Arborvitae, Eastern Coniferous

Thuja spp.

Eastern arborvitae is a relatively common landscape tree in the eastern half of Nebraska often used in foundation plantings and as screens along property lines. Mature trees may reach 30-40’ in time, but in cultivation typically grow only 10-25' tall, depending on the cultivar used. 

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Eastern arborvitae makes a nice hedgerow!
Fir, Concolor (White) Coniferous

Abies concolor

Concolor fir is the most reliable and easy to grow fir for Nebraska. It has become relatively popular as a landscape tree and has also been utilized in some shelterbelts on favorable sites.

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Concolor (white) Fir needles
Fir, Douglas Coniferous

Pseudotsuga menziesii

Douglas fir is one of the most important timber trees in the United States and is the backbone of the western timber industry. The Rocky Mountain variety is more adaptable to the Great Plains and has been grown successfully across Nebraska, primarily as a landscape tree but sometimes in shelterbelts. 

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Photograph of a douglas fir tree.
Hemlock, Eastern Coniferous

Tsuga Canadensis

Eastern hemlock is a shade-tolerant native of the eastern US growing from Minnesota to Maine and south to the higher elevations of Georgia. The tree is not abundant in Nebraska but is occasionally found in protected landscape plantings, especially where a shade-tolerant evergreen is desired. 

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Eastern Hemlock
Juniper, Rocky Mountain Coniferous

Juniperus scopulorum

As its name implies, Rocky Mountain Juniper is a common evergreen throughout the Rocky Mountains, extending into the Pine Ridge and Wildcat Hills of the Nebraska Panhandle. RM juniper is widely used in shelterbelts, wildlife plantings and landscape plantings in the western Great Plains.

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Rocky Mountain Juniper
Pine, Austrian Coniferous

Pinus Nigra

Austrian pine is a medium to large conifer that is native to southeastern Europe, especially the higher elevations of the Balkans and Turkey. It has been used extensively in shelterbelts across much of the central and northern Great Plains and is also used in park and landscape plantings. Diseases are now limiting its use in eastern Nebraska. 

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Looking up into tree's canopy.
Pine, Eastern White Coniferous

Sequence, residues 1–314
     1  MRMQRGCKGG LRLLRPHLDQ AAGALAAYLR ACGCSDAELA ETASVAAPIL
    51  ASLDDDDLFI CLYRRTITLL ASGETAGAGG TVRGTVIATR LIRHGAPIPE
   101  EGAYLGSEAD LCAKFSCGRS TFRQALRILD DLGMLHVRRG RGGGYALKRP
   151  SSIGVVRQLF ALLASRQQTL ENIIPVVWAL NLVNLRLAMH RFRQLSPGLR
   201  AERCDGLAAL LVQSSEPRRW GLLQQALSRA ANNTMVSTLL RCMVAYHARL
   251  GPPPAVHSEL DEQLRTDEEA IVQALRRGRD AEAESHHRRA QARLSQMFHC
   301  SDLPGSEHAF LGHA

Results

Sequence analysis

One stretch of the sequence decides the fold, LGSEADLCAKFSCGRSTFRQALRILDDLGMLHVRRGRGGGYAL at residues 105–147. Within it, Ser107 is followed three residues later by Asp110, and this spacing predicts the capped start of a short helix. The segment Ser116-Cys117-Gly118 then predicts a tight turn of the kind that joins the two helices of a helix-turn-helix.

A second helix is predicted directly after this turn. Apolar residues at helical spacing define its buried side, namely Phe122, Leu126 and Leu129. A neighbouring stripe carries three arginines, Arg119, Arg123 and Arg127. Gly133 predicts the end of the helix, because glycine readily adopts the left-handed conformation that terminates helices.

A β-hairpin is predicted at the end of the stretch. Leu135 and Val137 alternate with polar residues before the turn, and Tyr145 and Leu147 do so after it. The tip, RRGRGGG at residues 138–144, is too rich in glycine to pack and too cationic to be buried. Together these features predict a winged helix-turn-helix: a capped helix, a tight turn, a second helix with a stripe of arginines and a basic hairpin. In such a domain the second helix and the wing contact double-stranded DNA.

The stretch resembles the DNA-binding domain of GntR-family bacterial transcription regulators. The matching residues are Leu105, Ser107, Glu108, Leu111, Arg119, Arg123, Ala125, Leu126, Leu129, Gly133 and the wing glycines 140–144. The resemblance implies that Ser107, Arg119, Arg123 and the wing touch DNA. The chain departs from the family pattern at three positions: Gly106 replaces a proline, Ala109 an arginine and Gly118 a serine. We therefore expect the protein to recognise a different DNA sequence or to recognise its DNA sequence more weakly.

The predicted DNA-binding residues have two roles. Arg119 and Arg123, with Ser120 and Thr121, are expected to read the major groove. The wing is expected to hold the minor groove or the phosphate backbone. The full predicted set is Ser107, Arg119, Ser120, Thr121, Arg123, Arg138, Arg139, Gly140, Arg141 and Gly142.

Pinus strobus

Eastern white pine is a fast-growing and relatively long-lived, soft-needled evergreen native to the northeastern US and Canada.  Its occasionally used for windbreaks and screens and has become a popular landscape tree in eastern Nebraska communities. 

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photo of eastern white pine in the summer.
Pine, Jack Coniferous

Pinus banksiana

Jack pine is a scrubby, northern pine native to much of Canada and south to the Great Lakes and northern New England. It grows further north in Canada than any other native pine. It is extremely cold hardy and drought tolerant and has been used in shelterbelts and conservation plantings in Nebraska where little else will grow.   

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Jack Pine pine cone.
Pine, Limber Coniferous

Pinus flexilis

Limber pine is a medium-sized evergreen native to the Rocky Mountains from Canada to New Mexico where it’s typically found at elevations of 5,000 to 12,000 feet, often reaching the tree line. A few disjunct stands reach out on to the western High Plains including the Pine Bluffs area of western Kimball County, making it one of only two pine species native to the state, the other being Ponderosa pine. 

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Limber pine tree
Pine, Pinyon (Colorado Pinyon) Coniferous

Pinus edulis

Pinyon pine is native to the Four Corners area of Utah, Colorado, New Mexico, and Arizona where it is typically found growing with junipers on drier sites. It has been used in landscape and screen plantings in western Nebraska, especially the southern Panhandle. 

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Pinyon Pine tree